2 Minute From Wheeler To Fadden
6th December 1950
1950/51 Sterling Area Trade Arrangement with Occupied Japan
Negotiations which have been in progress for some time in Tokyo with the Supreme Commander for the Allied Powers for a Sterling Area Trade Arrangement with Occupied Japan for 1950/51 recently came to an end and the Arrangement was signed by the participating parties, including Australia, on 29th November.
Trade Arrangements for 1950/51 2. The 1950/51 Trade Arrangement differs very little from the earlier Arrangements which have covered trade between Japan and the main sterling area countries since 1948/49. The chief object of these Trade Arrangements is to facilitate a high level of trade between the sterling area and Japan without incurring the risk of a loss of dollars.
3. This danger of dollar loss arises from the payments arrangements which govern trade between the sterling area and Japan. In brief these arrangements provide that trade shall be conducted in sterling and that SCAP may periodically convert into dollars any sterling that he accumulates in excess of his working balances.
4. The Trade Arrangements minimise this danger by preventing trade between the sterling area and Japan from getting too far out of balance. Estimates are made of the value of commodities Japan is likely to buy from the sterling area participants during the year and this value, adjusted for other sterling payments Japan is likely to make such as for 'invisible' services, is divided up amongst the sterling area participants to cover their purchases from Japan. These estimates are incorporated in the Trade Arrangements as Trade Plans. They are reviewed during the year and adjustments are made if trade seems to be getting out of balance.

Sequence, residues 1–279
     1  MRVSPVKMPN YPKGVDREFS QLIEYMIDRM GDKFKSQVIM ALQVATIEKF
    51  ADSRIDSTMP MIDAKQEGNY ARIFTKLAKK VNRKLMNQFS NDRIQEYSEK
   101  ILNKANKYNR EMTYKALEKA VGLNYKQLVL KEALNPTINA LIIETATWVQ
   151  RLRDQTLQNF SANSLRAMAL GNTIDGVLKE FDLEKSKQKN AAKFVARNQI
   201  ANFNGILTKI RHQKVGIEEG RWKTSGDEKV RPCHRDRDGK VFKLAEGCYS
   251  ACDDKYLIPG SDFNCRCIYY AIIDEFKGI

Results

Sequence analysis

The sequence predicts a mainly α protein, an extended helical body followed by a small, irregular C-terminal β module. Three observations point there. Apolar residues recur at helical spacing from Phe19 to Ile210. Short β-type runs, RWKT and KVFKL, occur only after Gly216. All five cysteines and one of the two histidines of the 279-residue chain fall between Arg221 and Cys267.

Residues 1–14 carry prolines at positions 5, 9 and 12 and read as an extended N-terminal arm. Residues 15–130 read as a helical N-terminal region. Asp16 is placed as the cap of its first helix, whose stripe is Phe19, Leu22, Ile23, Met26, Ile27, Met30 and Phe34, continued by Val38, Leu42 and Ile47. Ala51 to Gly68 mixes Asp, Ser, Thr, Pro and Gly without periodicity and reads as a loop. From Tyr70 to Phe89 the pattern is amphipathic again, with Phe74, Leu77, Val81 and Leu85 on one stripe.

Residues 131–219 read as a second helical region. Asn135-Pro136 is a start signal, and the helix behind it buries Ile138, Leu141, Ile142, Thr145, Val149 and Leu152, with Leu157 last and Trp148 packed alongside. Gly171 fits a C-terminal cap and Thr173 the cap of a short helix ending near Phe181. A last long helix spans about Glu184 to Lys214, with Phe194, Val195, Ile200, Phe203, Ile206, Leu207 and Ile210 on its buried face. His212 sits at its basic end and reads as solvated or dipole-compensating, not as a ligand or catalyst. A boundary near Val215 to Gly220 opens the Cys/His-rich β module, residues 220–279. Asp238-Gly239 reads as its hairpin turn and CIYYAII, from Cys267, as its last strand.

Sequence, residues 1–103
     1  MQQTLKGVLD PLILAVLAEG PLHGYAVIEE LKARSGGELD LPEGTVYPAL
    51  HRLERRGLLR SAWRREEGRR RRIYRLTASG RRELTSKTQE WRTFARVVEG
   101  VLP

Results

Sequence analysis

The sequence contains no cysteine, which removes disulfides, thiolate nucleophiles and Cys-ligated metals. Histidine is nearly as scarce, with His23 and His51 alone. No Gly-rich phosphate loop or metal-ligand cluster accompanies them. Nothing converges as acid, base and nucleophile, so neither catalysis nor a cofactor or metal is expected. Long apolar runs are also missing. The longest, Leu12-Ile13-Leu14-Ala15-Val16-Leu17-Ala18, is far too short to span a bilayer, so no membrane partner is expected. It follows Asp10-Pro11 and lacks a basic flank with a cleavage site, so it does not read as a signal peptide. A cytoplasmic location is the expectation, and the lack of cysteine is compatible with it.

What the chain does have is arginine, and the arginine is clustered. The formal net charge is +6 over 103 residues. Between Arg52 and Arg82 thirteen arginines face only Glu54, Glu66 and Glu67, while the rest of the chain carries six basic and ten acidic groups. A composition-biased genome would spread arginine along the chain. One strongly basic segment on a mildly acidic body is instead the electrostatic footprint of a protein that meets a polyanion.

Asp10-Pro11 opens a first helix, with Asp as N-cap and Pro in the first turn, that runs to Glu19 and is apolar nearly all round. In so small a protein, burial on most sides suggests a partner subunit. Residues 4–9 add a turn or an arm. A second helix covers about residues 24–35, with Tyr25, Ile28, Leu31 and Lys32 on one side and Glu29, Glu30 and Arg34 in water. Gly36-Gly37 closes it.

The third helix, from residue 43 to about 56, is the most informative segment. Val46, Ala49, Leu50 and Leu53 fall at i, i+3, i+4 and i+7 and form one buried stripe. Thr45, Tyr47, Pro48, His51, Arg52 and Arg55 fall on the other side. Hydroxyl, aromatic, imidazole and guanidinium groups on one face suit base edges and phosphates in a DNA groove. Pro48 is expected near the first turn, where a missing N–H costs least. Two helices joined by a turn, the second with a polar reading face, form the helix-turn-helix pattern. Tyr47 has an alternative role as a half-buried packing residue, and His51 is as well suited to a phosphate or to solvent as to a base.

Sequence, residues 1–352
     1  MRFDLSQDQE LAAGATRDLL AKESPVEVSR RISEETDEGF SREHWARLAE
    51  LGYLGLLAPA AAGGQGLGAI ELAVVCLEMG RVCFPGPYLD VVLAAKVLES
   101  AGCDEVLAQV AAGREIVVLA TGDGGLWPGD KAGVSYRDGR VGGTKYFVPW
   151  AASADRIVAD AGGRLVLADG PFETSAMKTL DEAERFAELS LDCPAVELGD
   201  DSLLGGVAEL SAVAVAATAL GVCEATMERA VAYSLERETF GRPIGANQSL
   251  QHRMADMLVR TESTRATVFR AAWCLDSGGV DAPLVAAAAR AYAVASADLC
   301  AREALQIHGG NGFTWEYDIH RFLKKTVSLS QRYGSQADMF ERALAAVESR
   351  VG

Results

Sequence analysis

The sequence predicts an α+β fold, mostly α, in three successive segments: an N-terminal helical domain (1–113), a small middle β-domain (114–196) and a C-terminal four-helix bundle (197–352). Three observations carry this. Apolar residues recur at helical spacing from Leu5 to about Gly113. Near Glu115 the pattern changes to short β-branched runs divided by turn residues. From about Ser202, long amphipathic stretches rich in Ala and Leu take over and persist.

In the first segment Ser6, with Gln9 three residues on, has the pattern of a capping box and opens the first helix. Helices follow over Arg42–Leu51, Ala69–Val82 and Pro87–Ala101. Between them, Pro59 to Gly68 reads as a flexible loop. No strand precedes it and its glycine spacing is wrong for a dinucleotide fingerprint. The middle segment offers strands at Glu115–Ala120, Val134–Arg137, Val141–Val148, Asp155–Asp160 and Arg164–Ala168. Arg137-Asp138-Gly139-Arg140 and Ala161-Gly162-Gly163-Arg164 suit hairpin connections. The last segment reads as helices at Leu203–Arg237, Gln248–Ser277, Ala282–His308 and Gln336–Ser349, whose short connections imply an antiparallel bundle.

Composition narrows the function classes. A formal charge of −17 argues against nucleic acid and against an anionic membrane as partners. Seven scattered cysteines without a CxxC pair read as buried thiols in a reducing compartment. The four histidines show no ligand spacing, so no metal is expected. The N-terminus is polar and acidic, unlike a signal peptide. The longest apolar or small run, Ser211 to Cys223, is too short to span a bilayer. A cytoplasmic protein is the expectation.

5. The Trade Plan estimates are not binding commitments on Australia and the other participants that trade shall in fact be the same in composition and amount as the estimates. They are merely estimates made in the light of best available information and the parties to the Arrangement agree to facilitate trade and to issue the necessary import licences.
Australia's Share of the Trade 8. Japan is important to Australia both as a source of essential supplies which might otherwise have to be paid for in dollars and as an expanding market for Australia's exports. Under the Trade Arrangements the total value of trade both ways between Japan and Australia has increased from A4m. in 1948 to about A30m. in 1949/50 and the Trade Plan for 1950/51 provides for a further increase to A46m.
9. Australia's sales to Japan in 1950/51 are estimated in the Trade Plan at A24.35m. made up of wool A16.6m., wheat A6.3m., other grains A1.2m. and miscellaneous A0.25m. These estimates were put forward by Australia early in the trade negotiations at Tokyo and later reports of Japanese requirements indicate that they will be very considerably exceeded by actual sales.
10. Australia's allocation of purchasing power under the Trade Plan amounts to A22m. as compared with last year's initial allocation of A6.2m. The main commodities which Australia expects to import from Japan in 1950/51 and for which licences have been issued are steel (mainly galvanised iron), copper, textiles including raw silk, plywood, tinplate and chemicals.